Businesses Brace For New COVID Lockdowns
Faced with new COVID-19 restrictions and potential lockdowns, businesses worry for their futures.
As COVID-19 cases soar, health officials say the U.S. needs to brace for a new wave of restrictions.
"Now we need to double down on the public health measures as we're waiting for the vaccine to come and help us out," Dr. Anthony Fauci, director of National Institute of Allergy and Infectious Diseases, said.
Across the country, states are announcing plans for new restrictions and mask mandates. Cities like Chicago have even issued new stay-at-home advisories.
"We see no sign of slowing here, and we are in uncharted territory. We are the largest city in the part of the country that is having the most uncontrolled outbreak," Dr. Allison Arwady, commissioner of the Chicago Department of Health, said.
An outbreak with increasingly deadly consequences.
"It's what we've seen play out in Europe, and now we're catching up. So we're seeing the huge, exponential rise in cases, deaths starting to follow suit. We're already at over 1,000 deaths a day. Quite a bit more than that," Dr. Chris Murray, director of the Institute for Health Metrics and Evaluation, said.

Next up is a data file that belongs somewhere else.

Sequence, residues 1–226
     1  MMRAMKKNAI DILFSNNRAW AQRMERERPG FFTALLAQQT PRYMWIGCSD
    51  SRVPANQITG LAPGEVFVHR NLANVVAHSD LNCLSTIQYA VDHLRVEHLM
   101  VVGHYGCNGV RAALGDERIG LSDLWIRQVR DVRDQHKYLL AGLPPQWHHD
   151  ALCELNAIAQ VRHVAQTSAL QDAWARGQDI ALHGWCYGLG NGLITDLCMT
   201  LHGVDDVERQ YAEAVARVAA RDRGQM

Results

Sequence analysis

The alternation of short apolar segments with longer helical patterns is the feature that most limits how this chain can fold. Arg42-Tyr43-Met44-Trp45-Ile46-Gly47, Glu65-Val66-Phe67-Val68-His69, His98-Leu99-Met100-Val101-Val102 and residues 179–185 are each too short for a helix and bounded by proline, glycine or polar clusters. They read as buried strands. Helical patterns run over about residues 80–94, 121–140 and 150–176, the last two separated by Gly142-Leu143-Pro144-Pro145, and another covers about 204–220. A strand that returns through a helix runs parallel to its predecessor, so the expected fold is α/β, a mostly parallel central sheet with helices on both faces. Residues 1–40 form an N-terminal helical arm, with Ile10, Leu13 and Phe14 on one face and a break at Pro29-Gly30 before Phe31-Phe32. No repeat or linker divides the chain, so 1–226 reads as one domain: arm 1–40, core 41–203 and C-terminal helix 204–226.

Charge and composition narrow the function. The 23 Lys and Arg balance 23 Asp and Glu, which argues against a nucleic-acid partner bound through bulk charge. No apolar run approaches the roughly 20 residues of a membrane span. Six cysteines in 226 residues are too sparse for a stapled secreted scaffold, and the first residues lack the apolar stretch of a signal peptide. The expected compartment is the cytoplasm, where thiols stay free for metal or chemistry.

Many business owners are frustrated over new measures like curfews in New York City. Some say their businesses barely survived the first wave of shutdowns.
"Hopefully we survive. And I'm sure we will, because, you know, it's a small staff here, but it definitely, you know, it sucks. It does," Teresa De La Haba, owner of McSorley's Old Ale House, said.
"Obviously not happy about it. It seems like it's most likely an omen for future restrictions," Derek Tighe, managing partner of Forgtmenot, said.
Some business owners are even going so far as saying they may ignore new COVID-19 measures altogether.
"You could fine me $100,000 a day and it's not going to do you any good, because you're not going to get the money," Larry McNamer, owner of Major's Diner, said.
Restaurant-goers say they are disappointed but understand the reasoning behind new measures.
"Anything that can look out for the better interest of everybody is fine by me. It's not good for business, but, you know, I mean, whenever we have to do," Nick Steinberg, a customer at McSorley's Old Ale House, said.
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